Johns Hopkins physician sprayed nurse with patient's bodily fluids, lawsuit claims

A Baltimore-based Johns Hopkins Health System nurse filed a lawsuit against a physician colleague last week alleging the anesthesiologist purposely sprayed him with a patient's body fluid while he was assisting during a surgery, according to The Baltimore Sun.

A lawyer on behalf of Benjamin Waldbaum, CRNA, told The Baltimore Sun Mr. Waldbaum was "horrified" by the physician's behavior.

According to court documents filed in Baltimore City Circuit Court last week and obtained by The Baltimore Sun, Mr. Waldbaum was assisting Martin Slodzinski, MD, PhD, with a surgery, during which Dr. Slodzinski allegedly made inappropriate comments about the patient, a recovering heroin addict. Dr. Slodzinski allegedly proceeded to unscrew the syringe from the patient's IV and sprayed the fluid, which landed on Mr. Waldbaum's face and torso.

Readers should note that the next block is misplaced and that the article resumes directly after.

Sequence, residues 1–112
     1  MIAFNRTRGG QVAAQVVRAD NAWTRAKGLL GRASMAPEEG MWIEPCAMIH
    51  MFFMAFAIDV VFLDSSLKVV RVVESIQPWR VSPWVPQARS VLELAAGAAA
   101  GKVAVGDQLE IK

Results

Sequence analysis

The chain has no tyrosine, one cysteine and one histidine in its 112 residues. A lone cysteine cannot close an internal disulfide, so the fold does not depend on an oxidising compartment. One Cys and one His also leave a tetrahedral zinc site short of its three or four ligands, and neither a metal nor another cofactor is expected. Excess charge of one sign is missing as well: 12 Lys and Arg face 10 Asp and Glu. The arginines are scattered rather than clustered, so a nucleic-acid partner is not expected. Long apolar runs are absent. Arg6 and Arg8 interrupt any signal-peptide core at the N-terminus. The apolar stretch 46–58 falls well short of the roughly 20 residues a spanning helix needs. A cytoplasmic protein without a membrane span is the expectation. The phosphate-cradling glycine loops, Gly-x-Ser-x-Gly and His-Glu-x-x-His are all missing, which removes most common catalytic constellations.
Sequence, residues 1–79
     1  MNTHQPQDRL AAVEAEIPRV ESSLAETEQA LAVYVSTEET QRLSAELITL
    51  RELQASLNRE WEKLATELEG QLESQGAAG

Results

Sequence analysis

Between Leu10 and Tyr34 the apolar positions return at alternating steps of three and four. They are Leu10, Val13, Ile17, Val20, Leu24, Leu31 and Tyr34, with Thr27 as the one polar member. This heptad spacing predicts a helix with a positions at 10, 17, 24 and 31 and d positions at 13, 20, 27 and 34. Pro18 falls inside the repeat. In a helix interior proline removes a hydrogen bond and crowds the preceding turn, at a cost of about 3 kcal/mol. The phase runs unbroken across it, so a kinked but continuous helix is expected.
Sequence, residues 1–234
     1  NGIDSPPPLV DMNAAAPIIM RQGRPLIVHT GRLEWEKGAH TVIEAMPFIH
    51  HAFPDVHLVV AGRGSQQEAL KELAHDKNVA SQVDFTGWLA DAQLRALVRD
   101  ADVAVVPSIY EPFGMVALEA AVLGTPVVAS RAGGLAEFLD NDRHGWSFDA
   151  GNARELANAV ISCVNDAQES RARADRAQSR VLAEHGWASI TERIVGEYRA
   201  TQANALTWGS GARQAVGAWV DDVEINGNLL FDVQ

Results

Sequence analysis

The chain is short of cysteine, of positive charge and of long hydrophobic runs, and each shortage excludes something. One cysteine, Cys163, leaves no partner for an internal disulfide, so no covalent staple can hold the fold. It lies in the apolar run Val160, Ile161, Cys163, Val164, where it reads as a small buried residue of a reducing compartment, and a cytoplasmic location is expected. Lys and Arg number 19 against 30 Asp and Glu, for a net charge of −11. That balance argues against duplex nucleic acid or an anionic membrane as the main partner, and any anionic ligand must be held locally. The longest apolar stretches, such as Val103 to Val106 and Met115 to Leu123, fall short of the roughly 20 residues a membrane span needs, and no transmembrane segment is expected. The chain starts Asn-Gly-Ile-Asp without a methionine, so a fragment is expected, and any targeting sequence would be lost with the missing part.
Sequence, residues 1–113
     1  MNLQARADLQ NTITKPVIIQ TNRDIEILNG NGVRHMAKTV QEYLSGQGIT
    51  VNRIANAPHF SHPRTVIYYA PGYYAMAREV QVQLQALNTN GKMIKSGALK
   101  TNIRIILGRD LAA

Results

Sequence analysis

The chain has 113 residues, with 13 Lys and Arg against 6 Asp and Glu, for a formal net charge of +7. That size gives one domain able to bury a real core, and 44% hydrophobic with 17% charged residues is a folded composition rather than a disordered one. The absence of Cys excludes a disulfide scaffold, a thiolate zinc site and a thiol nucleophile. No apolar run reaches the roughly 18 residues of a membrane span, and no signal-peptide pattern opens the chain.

Mr. Waldbaum also claimed Dr. Slodzinski said he behaved as such so Mr. Waldbaum would "know what it feels like to be high," and that he was "going to get [Mr. Waldbaum] high with this freebie," the report states.

The lawsuit, which also names the The Johns Hopkins Health System and Johns Hopkins University as defendants, claimed Dr. Slodzinski is still employed at the health system despite a history of "abusive and improper" behavior, including throwing patients' IVs and screaming at subordinates, according to The Baltimore Sun.

In a statement to the publication, a Johns Hopkins spokesperson said, "We take these allegations very seriously and cannot comment on ongoing litigation."

Editor's note: Becker's Hospital Review reached out to The Johns Hopkins Health System for comment and will update the report as more information becomes available.

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